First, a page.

Regret, guilt, compassion, thankfulness, joy, anger, indignation, fear, anxiety, courage… the realm of human emotion is vast and all over the place! Sometimes, we feel our emotions as a small stirring, other times, they seem to have taken over our entire being. Sometimes we see them coming from a mile away, others they leap upon us seemingly out of nowhere.
I remember the warmth in my heart that I felt when I was just friends with my boyfriend and how that expanded little by little and imperceptibly into the love I now feel. It took a while before I was able to identify my emotion as love.
Emotions have the most power over us when we are unsure how to observe or look at them… they are sometimes like a wild caged creature that we want to pretend is not there, that we don’t want to let loose for fear we cannot tame it.
In ontological coaching, we use a tool that helps us become better observers of our emotions.
Why is this important?
Because whether we wish to shift or grow an emotion, we must first be able to look at it.
This tool is called linguistic reconstruction and was developed by Julio Olalla. Like most terms in philosophy, it sounds more complicated than it actually is. Let me explain…
Let’s say you work for CSI Miami. You get to a crime scene and see the victim, the weapon, and the evidence. You don’t know what happened but you put together the clues in order to reconstruct what has taken place. I sometimes think of emotions in the same way—they are suddenly in my being and I am not always sure how they got there, so it takes some piecing together to figure them out.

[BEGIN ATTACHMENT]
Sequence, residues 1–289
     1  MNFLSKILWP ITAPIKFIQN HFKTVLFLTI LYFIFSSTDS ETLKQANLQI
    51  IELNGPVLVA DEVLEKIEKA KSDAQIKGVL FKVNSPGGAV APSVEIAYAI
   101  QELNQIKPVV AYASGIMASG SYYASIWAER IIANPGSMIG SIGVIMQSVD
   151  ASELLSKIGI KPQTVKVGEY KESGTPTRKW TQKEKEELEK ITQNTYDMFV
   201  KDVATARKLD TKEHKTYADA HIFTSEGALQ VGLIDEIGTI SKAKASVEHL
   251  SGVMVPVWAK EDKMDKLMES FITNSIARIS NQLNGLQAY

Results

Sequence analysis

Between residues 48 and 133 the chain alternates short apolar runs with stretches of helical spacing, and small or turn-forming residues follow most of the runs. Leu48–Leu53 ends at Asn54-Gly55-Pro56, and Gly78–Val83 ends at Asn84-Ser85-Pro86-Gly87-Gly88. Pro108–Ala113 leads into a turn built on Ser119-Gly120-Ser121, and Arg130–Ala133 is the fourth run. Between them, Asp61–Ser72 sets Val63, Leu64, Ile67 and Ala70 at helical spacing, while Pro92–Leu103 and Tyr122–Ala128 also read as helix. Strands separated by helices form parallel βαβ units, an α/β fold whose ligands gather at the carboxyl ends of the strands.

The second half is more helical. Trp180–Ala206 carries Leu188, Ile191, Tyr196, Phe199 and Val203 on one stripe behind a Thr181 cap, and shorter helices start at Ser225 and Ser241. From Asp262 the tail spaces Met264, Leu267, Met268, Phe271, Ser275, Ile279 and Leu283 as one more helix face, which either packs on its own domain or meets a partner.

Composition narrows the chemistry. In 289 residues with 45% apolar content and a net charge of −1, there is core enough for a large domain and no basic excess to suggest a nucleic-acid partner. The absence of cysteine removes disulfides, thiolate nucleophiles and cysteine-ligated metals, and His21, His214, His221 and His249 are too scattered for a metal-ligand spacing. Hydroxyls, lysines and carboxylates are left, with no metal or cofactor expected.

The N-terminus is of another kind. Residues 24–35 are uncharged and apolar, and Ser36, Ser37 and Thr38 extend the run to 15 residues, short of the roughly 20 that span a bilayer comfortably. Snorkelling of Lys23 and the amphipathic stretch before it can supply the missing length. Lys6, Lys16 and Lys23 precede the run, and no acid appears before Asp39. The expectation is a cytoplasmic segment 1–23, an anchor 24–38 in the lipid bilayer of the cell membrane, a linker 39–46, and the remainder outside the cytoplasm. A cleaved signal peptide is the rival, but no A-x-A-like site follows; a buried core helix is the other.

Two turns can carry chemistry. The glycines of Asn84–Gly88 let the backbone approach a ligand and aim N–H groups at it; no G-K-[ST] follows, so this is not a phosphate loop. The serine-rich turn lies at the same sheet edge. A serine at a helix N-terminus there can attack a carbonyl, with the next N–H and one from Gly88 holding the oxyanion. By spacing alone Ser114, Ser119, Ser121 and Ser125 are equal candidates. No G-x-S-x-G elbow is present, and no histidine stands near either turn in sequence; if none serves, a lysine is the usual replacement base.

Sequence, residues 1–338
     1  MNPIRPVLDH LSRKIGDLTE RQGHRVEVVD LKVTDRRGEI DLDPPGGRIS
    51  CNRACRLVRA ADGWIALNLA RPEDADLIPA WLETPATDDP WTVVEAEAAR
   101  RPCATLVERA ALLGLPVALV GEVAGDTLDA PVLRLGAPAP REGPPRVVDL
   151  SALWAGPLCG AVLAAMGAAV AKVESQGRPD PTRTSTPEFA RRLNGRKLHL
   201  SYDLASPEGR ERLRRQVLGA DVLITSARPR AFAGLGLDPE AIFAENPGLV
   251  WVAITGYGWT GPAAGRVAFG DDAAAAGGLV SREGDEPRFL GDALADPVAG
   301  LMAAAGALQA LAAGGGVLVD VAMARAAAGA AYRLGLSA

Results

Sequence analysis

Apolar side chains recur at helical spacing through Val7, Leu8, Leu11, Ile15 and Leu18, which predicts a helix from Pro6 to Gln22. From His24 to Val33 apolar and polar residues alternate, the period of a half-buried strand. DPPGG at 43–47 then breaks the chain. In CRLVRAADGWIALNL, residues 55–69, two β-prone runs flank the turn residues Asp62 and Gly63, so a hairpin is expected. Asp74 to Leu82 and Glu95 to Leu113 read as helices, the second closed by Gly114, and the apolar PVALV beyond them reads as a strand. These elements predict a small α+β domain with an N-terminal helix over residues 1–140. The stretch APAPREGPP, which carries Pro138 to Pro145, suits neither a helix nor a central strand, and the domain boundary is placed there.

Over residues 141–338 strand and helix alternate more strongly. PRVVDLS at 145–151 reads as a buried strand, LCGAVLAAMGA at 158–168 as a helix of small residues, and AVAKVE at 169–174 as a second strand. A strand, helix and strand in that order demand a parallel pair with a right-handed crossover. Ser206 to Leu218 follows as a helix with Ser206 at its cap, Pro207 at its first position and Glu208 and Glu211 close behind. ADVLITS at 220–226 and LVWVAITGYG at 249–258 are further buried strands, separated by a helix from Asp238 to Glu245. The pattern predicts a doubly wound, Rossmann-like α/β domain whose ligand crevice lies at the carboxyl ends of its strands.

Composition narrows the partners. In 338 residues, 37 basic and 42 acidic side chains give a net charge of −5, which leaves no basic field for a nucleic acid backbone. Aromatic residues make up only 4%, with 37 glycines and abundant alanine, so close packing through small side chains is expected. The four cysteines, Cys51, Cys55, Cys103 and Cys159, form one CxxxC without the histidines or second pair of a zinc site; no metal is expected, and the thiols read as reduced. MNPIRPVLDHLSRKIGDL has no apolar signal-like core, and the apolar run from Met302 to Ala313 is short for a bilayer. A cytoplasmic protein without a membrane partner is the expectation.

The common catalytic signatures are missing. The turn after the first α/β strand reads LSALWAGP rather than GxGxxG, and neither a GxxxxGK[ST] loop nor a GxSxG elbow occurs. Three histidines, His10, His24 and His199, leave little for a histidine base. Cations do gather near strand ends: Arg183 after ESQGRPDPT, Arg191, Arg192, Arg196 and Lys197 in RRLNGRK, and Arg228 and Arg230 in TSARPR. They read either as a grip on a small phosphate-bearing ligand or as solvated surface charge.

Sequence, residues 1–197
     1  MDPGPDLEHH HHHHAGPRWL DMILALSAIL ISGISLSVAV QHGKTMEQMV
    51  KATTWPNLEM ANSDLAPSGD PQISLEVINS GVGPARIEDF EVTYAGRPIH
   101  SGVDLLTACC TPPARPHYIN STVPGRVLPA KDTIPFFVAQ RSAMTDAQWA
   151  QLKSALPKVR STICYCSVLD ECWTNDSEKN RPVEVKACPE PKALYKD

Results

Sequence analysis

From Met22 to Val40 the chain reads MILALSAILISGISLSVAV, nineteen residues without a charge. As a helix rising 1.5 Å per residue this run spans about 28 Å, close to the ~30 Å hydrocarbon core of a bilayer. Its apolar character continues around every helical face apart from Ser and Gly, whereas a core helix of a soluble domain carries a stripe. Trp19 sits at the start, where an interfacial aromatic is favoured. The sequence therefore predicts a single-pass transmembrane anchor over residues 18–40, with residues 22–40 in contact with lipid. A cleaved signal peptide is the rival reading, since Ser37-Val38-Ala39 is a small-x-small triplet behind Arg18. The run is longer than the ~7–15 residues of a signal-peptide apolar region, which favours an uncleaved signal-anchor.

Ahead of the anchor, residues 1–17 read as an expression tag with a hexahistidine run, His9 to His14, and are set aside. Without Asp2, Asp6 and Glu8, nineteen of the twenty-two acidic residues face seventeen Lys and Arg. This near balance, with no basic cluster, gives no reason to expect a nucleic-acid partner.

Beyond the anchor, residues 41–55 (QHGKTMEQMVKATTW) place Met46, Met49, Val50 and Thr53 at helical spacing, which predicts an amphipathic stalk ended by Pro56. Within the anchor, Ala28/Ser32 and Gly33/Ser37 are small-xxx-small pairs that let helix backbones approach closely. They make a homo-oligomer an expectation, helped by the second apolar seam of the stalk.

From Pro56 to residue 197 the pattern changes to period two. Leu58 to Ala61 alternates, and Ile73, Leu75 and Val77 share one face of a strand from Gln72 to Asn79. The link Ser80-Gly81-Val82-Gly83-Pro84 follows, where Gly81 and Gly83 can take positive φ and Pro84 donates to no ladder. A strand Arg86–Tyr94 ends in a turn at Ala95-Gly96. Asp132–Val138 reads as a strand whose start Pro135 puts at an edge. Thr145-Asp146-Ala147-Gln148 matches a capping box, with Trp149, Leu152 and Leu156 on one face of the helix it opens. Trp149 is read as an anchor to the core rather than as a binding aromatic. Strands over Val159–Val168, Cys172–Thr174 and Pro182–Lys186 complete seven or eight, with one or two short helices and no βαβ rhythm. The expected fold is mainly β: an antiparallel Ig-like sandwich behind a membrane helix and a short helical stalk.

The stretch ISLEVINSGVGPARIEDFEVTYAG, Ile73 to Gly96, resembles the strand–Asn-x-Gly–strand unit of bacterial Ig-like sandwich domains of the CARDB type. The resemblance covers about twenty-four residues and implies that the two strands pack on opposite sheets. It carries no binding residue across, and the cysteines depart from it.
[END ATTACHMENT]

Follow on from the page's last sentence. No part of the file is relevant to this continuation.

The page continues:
The other important piece about this tool is that it serves to translate what is non-verbal (emotions) into what is verbal (language). This is important because oftentimes we confuse facts (assertions) with opinions (assessments). For example, if I say, I am 5’3,” that is an assertion. If I say, I am short, that is an assessment. The assessments we make about ourselves and the world are big contributors to our emotions. When we can get clear on what is fact and what is opinion, we can get clear on our emotions.
Here is an example of linguistic reconstruction of Guilt:
- I assert that I did (or did not do) X. (Here X can be, for example, I stole something, I did not do what my partner asked me, etc.)
- I assess that I should (or should not) have done that.
- I assess that I have violated my own standards and values.
- I assess myself as a lesser human being.
- I declare that I cannot forgive myself.
- I declare that I deserve to be punished.
Declarations are also part of certain emotions. When we declare something to be true, we are creating our reality. With declarations, we commit to doing something in the future, and in that way, they lead us to action.
Here is an example of Courage:
- I assert that X is happening. (Here X can be, for example, something out of my comfort zone, a natural disaster, etc.)
- I assert that I am afraid.
- I am assessing my fear and it is no reason not to act.
- I declare my intention to act in spite of my fear.
Now it’s your turn to try some deconstruction!
Once you’re done you can post it in the comments section below to get feedback!
- Pick an emotion that has been showing up for you.
- Think about how you would explain the emotion to a friend – usually, you have a story about the what, how, or who of the emotion.
- Separate this story into assertions (facts) and assessments (opinions).
- A triggering event is a fact, so that would be an assertion.
- What you think about that event are your assessments.
- Now write down what these assessments lead you to do (what action they predispose you to). For example, in anger, I am inclined to punish, in compassion, I am inclined to help, and in fear, I’m inclined to run away.
Here is a skeleton of what your deconstruction would look like:
- I assert that “X” did or did not happen.
- I assess “X” as “Y.”
- I declare that I will (or will not) do “Z.”
What happened after you deconstructed your emotion? Do you see or feel it differently? What was revealed to you? Share your insights along with your reconstruction in the comments below!
If you liked this practice and want to learn more about linguistic reconstruction, join one of our programs here.
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